It therefore exposes the gaps in assessing possible impacts of carbon dioxide leakages on subsurface, terrestrial, and marine ecosystems. The authors also believe that knowledge on impacts of carbon dioxide leakage would enable regulators to refine risk assessments.
Additionally, it would provide limits and data on recovery rates. Furthermore, it would also help in assessing ecosystem changes for CCS sites in future (West, Pearce, Bentham & Maul, 2005, pp. 250-259).
Opencast coal mining in India: Analyzing and addressing the air environmental impacts
This article explores air environmental impacts of opencast coal mining in India. It begins by arguing that opencast mining causes more environmental issues than underground mining. Among the concerns raised in the article is deterioration of air quality, among others, which affect not only the surrounding but also the mining area. Nonetheless, the paper describes opencast mining to be a success in India.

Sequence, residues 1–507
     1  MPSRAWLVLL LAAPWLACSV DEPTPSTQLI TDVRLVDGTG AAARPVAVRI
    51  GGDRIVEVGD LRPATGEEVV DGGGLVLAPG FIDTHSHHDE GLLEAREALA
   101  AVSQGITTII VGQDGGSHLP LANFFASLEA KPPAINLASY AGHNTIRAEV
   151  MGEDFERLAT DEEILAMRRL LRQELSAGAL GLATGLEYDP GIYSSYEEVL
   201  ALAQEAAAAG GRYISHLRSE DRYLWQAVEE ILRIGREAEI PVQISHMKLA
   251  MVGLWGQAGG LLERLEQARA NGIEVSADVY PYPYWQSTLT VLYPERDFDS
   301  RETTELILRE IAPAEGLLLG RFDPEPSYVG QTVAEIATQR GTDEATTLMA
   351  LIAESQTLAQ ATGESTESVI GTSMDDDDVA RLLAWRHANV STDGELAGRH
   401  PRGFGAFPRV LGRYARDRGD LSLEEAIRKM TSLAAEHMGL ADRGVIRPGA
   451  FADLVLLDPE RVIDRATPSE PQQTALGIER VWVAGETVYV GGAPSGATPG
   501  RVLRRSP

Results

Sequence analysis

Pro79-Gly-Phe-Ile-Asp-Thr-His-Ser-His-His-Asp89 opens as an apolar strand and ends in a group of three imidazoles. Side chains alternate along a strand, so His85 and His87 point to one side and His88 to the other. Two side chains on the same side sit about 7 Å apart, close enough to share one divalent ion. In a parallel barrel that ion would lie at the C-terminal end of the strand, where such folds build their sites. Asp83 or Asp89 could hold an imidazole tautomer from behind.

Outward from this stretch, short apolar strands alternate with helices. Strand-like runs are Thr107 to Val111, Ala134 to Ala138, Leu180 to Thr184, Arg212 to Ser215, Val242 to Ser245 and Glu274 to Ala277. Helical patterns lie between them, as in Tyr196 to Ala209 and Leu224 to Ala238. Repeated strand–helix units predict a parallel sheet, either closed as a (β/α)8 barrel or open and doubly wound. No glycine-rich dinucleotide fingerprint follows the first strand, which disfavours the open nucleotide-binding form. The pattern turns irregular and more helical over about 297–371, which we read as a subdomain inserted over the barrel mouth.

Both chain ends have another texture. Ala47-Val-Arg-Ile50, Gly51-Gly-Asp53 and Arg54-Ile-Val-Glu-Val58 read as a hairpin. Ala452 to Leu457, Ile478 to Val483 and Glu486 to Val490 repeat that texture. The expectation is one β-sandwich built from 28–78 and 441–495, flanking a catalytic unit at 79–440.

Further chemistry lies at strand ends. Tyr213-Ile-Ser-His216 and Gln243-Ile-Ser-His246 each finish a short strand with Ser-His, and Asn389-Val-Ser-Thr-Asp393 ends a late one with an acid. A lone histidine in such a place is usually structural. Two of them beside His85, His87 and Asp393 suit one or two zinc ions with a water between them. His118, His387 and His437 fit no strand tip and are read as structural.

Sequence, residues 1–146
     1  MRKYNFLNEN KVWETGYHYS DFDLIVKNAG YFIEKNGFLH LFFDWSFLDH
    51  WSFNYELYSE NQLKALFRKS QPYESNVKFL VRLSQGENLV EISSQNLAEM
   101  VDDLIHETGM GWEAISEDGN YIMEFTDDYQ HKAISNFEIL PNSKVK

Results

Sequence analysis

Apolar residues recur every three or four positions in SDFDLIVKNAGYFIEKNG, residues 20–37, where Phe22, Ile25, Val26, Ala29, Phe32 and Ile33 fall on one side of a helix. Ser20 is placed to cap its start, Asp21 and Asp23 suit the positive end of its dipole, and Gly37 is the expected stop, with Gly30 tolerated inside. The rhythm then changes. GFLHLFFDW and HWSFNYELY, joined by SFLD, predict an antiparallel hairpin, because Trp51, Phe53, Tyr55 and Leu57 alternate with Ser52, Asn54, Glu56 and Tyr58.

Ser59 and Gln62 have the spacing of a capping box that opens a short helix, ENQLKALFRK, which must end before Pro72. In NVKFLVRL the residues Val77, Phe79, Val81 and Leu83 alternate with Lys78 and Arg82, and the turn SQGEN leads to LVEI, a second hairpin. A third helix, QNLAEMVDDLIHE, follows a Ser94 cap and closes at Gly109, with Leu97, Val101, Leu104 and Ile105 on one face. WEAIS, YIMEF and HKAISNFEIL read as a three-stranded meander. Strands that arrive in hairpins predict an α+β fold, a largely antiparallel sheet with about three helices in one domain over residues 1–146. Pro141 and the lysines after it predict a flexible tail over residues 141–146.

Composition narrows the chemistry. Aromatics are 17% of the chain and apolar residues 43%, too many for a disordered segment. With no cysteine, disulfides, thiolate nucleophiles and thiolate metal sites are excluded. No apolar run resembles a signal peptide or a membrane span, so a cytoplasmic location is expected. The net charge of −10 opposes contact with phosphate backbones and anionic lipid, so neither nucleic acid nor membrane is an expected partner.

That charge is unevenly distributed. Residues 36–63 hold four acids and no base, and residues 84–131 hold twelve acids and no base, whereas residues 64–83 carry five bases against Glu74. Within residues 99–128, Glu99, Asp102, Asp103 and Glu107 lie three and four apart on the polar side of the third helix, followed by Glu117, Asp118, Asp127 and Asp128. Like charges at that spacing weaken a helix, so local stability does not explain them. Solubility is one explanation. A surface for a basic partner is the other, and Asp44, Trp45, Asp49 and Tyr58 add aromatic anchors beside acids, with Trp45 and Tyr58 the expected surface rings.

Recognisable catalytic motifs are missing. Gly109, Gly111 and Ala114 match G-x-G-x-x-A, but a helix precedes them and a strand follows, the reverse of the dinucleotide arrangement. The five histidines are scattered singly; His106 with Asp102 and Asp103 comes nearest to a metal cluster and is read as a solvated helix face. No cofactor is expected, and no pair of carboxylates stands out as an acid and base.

This, the article argues, is attributed to the rising need for energy. Moreover, increased concerns for underground mining have also led to shifting technologies on opencast mining. The paper utilizes factal analysis to provide an understanding of air pollutants and their effects in opencast mining. The paper recommends numerous ways of reducing air pollution in opencast mining.
Some of the recommendations pointed include monitoring of wind direction and pollution concentrations around the mines, use of green belt, dust control, and water spraying, among others. The paper also argues that opencast mining pollution is caused mainly by generation of dust. Moreover, the paper notes high levels of pollutants, which are hazardous to human health.